I am a professional working adult, actually a senior, and I as well as hundreds of others, would like to have our clocks left alone. All of us do not enjoy driving to and from work in darkness. The psychological effects are more than depressing as I am sure you are aware. — Muriel

Thank you both for helping our cities to understand that people should come before cars. — Steve

Now do a study about the dangers of children waiting for school buses in the dark. My elementary school age child was leaving the house in the dark at 7am to get her bus until daylight savings time ended this week. — Sylvia

I am not sure what to conclude from all of this. I have no idea what a benefit-cost analysis of the alternatives would look like, but we certainly learned there are more dimensions of the policy issue than we imagined. As a political economy story, the status quo does not appear to be completely locked in.  A few years back, the federal government pushed back the return to standard time until after Halloween in order to reduce the risk of vehicular trick-or-treating incidents.

Perhaps in November I will be able to shed some additional light on the issue.

9 March 2009 at 8:38 pm 2 comments

Pittsburgh School Superintendent Tackles Absenteeism

| David Gerard |

Those of you that think that a football is round might not be aware that the Super Bowl is taking place this Sunday, where my hometown Pittsburgh Steelers will face the Arizona Cardinals. Every year brings its own story lines, and among the many questions surrounding this year’s game is: what is your favorite public-choice explanation for why Pittsburgh schools are opening late on Monday?

The Pittsburgh Public Schools will operate on a two-hour delay Monday because of the Super Bowl, Superintendent Mark Roosevelt said today. Noting that Sunday’s big game means a “late night,” Mr. Roosevelt said the delay should cut down on student and staff absenteeism.

Of course, not all work places are observing the delay, so this will create a few headaches for working parents who don’t happen to be teachers or staff in the Pittsburgh public school system. Perhaps Superintendent Roosevelt thinks parents will already have headaches Monday morning, so the incremental costs will be low.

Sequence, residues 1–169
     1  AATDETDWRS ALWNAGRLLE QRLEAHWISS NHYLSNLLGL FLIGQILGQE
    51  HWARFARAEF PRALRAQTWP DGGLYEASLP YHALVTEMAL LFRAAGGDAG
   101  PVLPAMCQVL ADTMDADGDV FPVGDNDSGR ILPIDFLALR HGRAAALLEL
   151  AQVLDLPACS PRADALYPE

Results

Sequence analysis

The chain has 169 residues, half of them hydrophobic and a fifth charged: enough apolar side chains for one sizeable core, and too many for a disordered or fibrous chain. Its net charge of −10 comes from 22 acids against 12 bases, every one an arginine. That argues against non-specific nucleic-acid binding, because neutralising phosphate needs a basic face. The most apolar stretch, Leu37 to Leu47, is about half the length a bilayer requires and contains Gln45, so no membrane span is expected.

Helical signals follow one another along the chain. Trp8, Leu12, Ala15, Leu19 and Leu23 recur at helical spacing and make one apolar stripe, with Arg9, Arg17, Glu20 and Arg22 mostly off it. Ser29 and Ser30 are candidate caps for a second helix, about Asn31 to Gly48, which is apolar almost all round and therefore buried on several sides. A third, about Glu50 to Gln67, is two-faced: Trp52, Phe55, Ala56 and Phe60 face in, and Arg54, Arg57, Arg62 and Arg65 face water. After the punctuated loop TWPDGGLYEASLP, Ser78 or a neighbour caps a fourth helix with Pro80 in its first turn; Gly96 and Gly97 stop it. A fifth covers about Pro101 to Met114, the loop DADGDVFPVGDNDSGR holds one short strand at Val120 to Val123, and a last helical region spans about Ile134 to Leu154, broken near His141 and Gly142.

29 January 2009 at 9:43 pm 2 comments

Burying the Carbon Issue

| David Gerard |

As noted here, a “small” chunk of the House stimulus package is earmarked for carbon capture and sequestration (CCS) demonstration projects. For a coal-fired electric power plant, CCS entails the separation of the carbon dioxide during the combustion stage, compression into a fluid, and injection into a deep (> 1 km) geological formation where it will remain indefinitely.

Regardless of one’s views on global climate change or the government’s role in addressing it, it seems pretty clear that policy makers are moving us toward a carbon-constrained world. The rationale for CCS in such a world is straightforward. Unlike conventional pollutants, today’s carbon emissions will remain in the atmosphere for close to 100 years. Stabilizing atmospheric CO2 concentrations at current levels will require extraordinary (perhaps 80%+) reductions from current emissions levels. However, carbon or no carbon, it is highly improbable that we can meet our projected energy needs (at least in the near term) without continued reliance on fossil energy sources.

I am involved with the CCSReg project that is developing recommendations for the development of a regulatory framework for CCS if the US legislates reductions in carbon emissions. Earlier this month, we issued an interim report with several preliminary recommendations, including putting money toward demonstration projects (summary).

The potential regulatory issues range from identifying and mitigating environmental and safety risks to addressing public acceptance issues associated with the NUMBY (not under my back yard) syndrome. The property rights issue might interest many in this audience, as it is not clear who owns the underground pore space (if anyone), or how much these owners should be compensated for having CO2 filling it up (if anything). This could be resolved on a state-by-state basis, though many potential sequestration sites are located in multiple states. (more…)